Movie Review: A Ghost Story (2017)
Halfway through the movie, which we watched at home, Patricia got up to get some ice cream. “Don’t pause,” she said. “I’m sure I won’t miss anything.”
Truer words. I don’t know if writer-director David Lowery (“Ain’t Them Bodies Saints”) has been studying at the Hou Hsiao-hsien School of Holding the Camera on Nothing for Five Minutes, but at times it sure felt like it.
There’s M (Rooney Mara) sitting on the kitchen floor shortly after the death of her husband, and eating a pie a friend brought by. Good, she could use some meat on them bones. And there’s her husband, C (Casey Affleck), now a ghost, wearing a sheet, a literal white sheet, with eyeholes that looks like slanted lemons, standing just in frame watching her. And watching her. And watching her. Until after four minutes, maybe five, she bolts for the bathroom to throw up. (So much for meat on them bones.)
And ... scene. Finally.
“A Ghost Story” is an interesting experiment, and I enjoyed it more in the aftermath than in the watching. But top 10 for the year? I’ve seen a handful of critics who elevated it so; that’s why we watched it. Halfway through, as Patricia was going for ice cream, I wanted to strangle these guys.
It begins with a young couple living in a nondescript clapboard house. In bed, arm in arm, like young lovers do, she tells him a story:
When I was little we used to move all the time. I’d write these notes, and I would fold them up really small. And I would hide them in different places. So that if I ever wanted to go back, there’d be a piece of me there waiting.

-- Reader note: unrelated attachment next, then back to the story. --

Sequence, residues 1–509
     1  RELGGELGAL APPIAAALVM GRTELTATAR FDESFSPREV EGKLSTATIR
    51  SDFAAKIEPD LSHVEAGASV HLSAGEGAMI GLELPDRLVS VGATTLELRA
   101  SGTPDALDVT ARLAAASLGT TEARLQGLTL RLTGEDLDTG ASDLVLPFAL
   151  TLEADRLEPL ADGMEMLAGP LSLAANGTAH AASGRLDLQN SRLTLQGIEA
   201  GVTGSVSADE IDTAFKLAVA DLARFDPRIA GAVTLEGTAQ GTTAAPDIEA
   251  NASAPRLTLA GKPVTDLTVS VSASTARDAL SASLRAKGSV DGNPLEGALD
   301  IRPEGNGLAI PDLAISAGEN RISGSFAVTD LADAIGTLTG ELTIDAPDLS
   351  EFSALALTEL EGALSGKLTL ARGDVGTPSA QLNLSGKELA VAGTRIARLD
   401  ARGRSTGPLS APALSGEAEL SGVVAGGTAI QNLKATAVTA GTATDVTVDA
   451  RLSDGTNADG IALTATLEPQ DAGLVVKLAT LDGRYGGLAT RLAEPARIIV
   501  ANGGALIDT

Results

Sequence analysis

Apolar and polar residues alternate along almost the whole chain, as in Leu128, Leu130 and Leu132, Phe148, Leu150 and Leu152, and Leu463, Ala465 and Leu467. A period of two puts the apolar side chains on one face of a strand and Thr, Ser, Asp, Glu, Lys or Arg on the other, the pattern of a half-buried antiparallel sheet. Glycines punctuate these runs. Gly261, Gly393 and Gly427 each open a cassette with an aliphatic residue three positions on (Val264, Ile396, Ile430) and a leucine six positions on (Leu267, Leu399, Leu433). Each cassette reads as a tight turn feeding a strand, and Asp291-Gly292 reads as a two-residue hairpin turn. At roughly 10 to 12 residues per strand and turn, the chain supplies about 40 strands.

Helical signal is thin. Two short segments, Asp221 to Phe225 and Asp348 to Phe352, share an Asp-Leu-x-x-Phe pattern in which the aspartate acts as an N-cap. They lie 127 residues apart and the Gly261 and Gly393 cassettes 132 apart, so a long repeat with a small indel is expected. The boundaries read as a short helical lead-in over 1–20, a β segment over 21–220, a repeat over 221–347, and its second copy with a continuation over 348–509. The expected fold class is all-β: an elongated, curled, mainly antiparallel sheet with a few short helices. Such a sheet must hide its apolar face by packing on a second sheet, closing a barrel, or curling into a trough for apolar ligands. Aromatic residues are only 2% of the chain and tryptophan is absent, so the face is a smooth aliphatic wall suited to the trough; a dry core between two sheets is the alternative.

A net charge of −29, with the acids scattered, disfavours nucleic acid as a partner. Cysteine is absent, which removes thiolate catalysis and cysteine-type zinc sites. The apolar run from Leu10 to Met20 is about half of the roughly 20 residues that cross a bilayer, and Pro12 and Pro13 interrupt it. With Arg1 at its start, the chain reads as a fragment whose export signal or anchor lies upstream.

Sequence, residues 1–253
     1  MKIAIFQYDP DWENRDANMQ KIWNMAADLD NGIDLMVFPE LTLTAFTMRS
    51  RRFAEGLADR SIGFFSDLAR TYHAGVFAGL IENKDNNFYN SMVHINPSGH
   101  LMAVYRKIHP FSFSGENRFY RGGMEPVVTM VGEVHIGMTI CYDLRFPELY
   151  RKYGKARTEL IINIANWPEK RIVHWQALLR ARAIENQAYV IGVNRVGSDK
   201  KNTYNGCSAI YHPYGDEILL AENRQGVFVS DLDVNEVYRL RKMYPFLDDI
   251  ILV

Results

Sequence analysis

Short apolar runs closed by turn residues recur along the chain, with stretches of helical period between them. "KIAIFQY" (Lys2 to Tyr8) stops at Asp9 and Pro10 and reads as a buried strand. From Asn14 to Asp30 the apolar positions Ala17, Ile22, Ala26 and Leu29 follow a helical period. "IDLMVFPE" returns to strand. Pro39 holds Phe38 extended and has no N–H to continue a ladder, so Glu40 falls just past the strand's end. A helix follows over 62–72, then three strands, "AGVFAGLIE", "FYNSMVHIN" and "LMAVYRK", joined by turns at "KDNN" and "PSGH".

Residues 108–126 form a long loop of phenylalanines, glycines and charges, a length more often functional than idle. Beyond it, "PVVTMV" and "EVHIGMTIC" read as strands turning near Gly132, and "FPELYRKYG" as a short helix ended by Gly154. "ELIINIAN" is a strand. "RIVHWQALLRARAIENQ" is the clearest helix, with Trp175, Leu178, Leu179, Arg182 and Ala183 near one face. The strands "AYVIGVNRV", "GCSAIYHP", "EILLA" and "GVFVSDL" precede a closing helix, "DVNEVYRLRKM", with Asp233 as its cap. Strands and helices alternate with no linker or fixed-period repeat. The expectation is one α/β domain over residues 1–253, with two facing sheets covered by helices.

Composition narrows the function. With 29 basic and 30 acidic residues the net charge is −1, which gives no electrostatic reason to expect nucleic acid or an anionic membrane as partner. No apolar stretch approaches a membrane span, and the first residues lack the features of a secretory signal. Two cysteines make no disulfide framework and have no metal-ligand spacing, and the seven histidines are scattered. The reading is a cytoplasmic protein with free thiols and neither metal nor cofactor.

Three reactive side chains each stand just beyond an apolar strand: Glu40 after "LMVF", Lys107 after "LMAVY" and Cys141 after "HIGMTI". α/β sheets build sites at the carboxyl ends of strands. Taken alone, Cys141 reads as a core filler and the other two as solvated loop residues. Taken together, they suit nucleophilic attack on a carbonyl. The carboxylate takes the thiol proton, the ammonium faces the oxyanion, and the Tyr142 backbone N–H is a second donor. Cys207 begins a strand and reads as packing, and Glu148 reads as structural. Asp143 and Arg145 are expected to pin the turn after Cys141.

Tuck that away.
The house makes odd noises. At one point, in the middle of the night, it sounds like something heavy fell on their piano, and he, followed by she, goes to investigate. They find nothing, despite the ominous music.
“Is it the ghost story already?” I asked Patricia. “I thought he was supposed to be the ghost.”
A second later, he becomes the ghost. Car accident on a road that doesn’t have much traffic. There’s a stillness to the movie, and to this scene, and to the scene in the hospital where his body is covered with a sheet and then rises. Right, I thought, I guess that’s why ghosts have sheets; because we cover dead bodies with them. But who cut out the eyeholes?
He walks down the hospital hallway, a window opens in a wall, holds, and then closes. His opportunity to step into the Whatever? But something is keeping him here and he returns to it: his home, his wife. A piece of him waiting.
There’s a temporal dislocation to the movie, and, one imagines, to the ghost’s perspective. After the pie eating/throwing up, we see M heading out the door to work. And then again. And again. The same path, bedroom to front door, one right after the other. He remains. A man walks her to her door. He’s taller than C but less handsome. A consoling hug leads to a kiss, and then an awkward “Yeah, that was a bad idea” goodbye. Then rage from C, who knocks over a framed photo. She gathers it up, looks around. Is that why she leaves?